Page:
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Know your pulse – it could save your life

Radio star, Sela Alo, is getting behind the Heart Foundation’s Know your pulse message after his heart rhythm condition, atrial fibrillation, caused a mini stroke while he was on air.

The Life FM’s Breakfast host is encouraging all New Zealanders to check their pulse. The father of three knows all too well that an irregular pulse can be a sign there’s something wrong with your heart.

You only get one shot at life

Toni knows the devastating impact of heart disease. His father had a cardiac arrest at just 52. So when Toni was diagnosed with atrial fibrillation, he knew the importance of managing his condition for the sake of his tamariki and moko.

Despite the lifestyle changes, unfortunately Toni had a mini stroke, or transient ischemic attack (TIA), a couple of years after his AF diagnosis.

Senior woman wearing hiking clothes standing on a wooden bridge over a river with forest in the background.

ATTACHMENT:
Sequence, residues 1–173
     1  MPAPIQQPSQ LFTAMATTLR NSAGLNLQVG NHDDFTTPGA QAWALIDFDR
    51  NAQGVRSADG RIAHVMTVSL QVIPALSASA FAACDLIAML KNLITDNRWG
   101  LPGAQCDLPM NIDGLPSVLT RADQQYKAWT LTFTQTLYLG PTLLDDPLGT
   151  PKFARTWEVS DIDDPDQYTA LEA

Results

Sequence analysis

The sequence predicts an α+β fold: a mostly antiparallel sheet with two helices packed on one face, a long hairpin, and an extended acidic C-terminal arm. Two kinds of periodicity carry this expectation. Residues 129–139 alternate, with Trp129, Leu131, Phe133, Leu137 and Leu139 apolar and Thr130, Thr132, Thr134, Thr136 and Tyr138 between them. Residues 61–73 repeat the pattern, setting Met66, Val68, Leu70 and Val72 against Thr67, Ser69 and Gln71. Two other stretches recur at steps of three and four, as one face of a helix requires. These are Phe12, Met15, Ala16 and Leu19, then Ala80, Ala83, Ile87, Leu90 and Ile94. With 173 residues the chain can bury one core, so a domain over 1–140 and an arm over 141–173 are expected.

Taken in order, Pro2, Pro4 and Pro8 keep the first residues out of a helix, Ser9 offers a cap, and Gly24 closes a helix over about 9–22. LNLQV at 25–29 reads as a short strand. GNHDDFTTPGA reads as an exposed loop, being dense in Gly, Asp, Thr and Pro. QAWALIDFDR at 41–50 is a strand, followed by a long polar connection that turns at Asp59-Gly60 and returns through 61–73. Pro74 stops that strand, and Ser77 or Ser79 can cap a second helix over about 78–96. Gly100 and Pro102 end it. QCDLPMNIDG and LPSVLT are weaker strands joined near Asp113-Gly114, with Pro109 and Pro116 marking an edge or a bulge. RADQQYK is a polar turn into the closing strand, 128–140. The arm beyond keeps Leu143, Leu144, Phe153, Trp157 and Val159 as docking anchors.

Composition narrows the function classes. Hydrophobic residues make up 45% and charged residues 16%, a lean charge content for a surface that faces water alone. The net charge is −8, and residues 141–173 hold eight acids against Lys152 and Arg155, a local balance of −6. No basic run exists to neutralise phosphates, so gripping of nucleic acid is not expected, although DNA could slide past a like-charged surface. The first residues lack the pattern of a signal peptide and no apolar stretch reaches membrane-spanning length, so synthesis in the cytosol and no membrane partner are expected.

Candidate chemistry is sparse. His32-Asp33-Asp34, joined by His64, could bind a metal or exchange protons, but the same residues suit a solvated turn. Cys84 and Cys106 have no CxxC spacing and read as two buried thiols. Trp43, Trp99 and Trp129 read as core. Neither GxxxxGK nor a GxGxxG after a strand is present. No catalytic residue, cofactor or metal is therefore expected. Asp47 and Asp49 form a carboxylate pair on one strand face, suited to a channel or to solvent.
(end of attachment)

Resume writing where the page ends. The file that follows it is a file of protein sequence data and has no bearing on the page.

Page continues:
AF doesn’t have to dominate your life 

Atrial fibrillation (AF) didn’t sneak up on Rose quietly – her first episode quite literally took her breath away.

But although AF has led to further heart problems, Rose has a positive outlook and, with her condition under control, it doesn’t affect her day-to-day life.

What is an irregular pulse?

An irregular pulse is when the heart doesn't beat in a regular rhythm or rate.

An irregular pulse is something you should get checked by your trusted health professional. It could be atrial fibrillation or another type of arrhythmia.

Health professional and patient

Man getting pulse checked

Keep track of your pulse

Learn how to take your pulse and monitor it using our free leaflet. 

The pulse check leaflet features information about your pulse and what to do if you think your pulse is irregular.

Spread the message

Encourage friends and whānau to know their pulse.

Download one of our image tiles and share it on social media. Let everyone know how easy it is to check your pulse. Be sure to include this link in your post for your friends and whānau to find out more: